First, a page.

2. small number of sources vs high resolution raster
3. large number of sources vs low resolution
4. large number of sources vs high resolution Large raster coverage

6. The user can specify a maximum cost distance to the source. When the cost exceeds the maximum it gets assigned a nodata value. 7. There are multiple cost rasters, and could be in different geographic extents.

### Approach

The algorithm utilizes the node/link representation for raster cells, in which each center of a cell is considered a node and each node is connected to its adjacent cells(neighbors) by multiple links. Every link has an impedance derived from the cost raster associated with the cells at each end of the link. The cost-weighted distance assigned to each cell represents the cost per unit distance for moving through the cell computed from the cell value in cost raster.

For perpendicular direction link, the cost moving from cell1 to cell2 = (cost1 + cost2) / 2

For diagonal direction link, the cost moving from cell1 to cell2 = sqrt(2)*(cost1+cost2)/2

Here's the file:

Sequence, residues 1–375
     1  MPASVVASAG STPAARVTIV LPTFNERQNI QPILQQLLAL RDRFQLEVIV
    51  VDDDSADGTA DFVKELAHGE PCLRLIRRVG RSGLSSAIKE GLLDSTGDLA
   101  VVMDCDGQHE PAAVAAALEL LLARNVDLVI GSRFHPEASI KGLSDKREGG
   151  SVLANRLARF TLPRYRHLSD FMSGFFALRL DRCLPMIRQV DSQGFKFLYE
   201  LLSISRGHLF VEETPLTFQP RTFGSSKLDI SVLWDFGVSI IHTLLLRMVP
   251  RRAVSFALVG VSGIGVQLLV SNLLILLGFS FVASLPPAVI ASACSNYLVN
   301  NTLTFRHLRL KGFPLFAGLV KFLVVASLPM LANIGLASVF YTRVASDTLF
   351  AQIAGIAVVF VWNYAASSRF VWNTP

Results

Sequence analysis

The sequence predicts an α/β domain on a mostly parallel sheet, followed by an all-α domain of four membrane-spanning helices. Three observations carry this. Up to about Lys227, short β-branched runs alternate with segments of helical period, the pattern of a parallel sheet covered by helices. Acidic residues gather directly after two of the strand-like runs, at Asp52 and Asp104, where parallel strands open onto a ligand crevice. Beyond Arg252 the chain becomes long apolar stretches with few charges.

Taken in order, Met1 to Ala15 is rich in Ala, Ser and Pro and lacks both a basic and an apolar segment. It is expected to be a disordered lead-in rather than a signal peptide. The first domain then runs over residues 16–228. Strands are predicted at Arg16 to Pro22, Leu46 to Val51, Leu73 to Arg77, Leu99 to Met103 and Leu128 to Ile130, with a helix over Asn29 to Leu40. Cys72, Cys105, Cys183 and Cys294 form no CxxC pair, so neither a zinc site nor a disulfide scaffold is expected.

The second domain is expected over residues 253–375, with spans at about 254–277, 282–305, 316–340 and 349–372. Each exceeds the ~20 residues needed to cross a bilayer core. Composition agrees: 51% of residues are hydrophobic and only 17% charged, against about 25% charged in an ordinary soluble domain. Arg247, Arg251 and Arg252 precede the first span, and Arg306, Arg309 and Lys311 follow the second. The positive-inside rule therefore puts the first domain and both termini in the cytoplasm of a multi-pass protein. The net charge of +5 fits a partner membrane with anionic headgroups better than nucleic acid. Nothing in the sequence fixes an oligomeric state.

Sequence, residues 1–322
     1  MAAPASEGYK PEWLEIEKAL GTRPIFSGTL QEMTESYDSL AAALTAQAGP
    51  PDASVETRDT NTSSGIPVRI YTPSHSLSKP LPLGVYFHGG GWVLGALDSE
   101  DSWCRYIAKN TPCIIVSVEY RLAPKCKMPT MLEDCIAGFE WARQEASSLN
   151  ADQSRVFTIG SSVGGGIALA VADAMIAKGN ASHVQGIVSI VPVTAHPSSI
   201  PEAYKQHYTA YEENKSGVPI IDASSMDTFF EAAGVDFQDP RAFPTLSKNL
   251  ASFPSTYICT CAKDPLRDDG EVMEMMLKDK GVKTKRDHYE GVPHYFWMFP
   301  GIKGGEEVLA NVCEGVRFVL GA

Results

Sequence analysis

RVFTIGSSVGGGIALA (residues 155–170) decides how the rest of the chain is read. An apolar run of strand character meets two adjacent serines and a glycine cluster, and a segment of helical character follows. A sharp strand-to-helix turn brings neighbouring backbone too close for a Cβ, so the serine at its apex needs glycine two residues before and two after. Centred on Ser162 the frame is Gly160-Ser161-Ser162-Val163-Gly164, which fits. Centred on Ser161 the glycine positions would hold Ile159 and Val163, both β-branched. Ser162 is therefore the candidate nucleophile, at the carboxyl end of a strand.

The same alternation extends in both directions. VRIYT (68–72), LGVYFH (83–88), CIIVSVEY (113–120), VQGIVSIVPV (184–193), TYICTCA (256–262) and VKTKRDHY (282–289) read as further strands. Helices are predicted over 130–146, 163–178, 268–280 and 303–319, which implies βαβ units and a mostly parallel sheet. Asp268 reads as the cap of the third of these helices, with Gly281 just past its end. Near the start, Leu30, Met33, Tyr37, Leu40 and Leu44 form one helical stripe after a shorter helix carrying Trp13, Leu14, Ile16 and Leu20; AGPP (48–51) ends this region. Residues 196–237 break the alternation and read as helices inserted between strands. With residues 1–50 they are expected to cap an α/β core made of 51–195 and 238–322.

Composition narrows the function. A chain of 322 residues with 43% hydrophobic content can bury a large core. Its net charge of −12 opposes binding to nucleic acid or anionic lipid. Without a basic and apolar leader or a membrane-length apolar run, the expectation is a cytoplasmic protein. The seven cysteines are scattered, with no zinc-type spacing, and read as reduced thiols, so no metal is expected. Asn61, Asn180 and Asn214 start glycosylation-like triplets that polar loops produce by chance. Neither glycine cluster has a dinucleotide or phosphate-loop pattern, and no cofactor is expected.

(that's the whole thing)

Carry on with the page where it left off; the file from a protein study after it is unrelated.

The calculation begins with source points (polylines or polygons). The computing process grows in 8 directions from source points to the neighboring cells. Cells are put into a list. The cell with the lowest cumulative cost is selected from the list for computing costs to its neighboring cells. The neighbors are then put into the list while the originating cells are removed from the list. The scanning process continues until the list is empty.

Pros:

The raster/vector integrated approach of Euclidean distance can be reused here so that:

the source points do not have to be in the raster extent (constraint 4) it is possible to to create a tiled raster coverage aligned to an existing reference raster (constraint 3)

The scanning process can move randomly around the entire coverage. Pieces of rasters can be swapped in and out of memory in case of high resolution raster (constraints 5b, 5d).

Cons:

Not sure whether it will work well with large number of source points (constraint 1, 5c & 5d). Maybe we can use a binary tree with an linked list at each node in the tree to efficiently hold cells with identical cumulative costs. Not sure how it will work with multiple cost rasters (constraint 7).